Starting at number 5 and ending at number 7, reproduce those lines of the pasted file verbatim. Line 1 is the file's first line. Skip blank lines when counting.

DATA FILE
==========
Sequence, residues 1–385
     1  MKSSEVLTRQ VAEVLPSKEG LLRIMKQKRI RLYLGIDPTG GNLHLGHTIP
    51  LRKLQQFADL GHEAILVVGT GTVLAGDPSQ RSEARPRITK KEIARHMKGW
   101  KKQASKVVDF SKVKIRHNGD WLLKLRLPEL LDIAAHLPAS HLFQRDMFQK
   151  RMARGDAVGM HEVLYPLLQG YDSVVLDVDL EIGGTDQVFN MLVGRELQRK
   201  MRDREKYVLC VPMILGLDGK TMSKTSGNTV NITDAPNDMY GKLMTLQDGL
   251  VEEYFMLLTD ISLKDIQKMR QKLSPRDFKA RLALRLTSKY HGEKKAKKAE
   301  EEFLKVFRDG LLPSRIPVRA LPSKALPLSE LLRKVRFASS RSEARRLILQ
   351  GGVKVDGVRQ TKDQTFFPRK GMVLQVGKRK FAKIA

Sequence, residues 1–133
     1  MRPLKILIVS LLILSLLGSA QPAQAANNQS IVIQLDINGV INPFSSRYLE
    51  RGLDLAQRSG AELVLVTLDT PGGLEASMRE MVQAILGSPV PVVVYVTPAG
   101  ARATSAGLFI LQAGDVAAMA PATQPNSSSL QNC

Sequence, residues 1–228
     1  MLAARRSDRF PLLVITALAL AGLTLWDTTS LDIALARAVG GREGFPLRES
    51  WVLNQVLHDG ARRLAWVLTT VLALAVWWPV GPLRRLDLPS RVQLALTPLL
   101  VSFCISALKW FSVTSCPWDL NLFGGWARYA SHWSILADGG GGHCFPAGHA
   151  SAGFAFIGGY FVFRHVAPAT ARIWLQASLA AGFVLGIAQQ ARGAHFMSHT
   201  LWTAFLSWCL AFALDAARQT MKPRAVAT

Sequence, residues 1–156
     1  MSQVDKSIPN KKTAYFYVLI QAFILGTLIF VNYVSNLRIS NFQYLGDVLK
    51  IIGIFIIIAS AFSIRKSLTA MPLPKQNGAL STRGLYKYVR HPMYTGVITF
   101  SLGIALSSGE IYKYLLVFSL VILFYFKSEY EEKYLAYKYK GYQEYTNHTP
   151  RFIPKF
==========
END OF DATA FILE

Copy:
   151  RMARGDAVGM HEVLYPLLQG YDSVVLDVDL EIGGTDQVFN MLVGRELQRK
   201  MRDREKYVLC VPMILGLDGK TMSKTSGNTV NITDAPNDMY GKLMTLQDGL
   251  VEEYFMLLTD ISLKDIQKMR QKLSPRDFKA RLALRLTSKY HGEKKAKKAE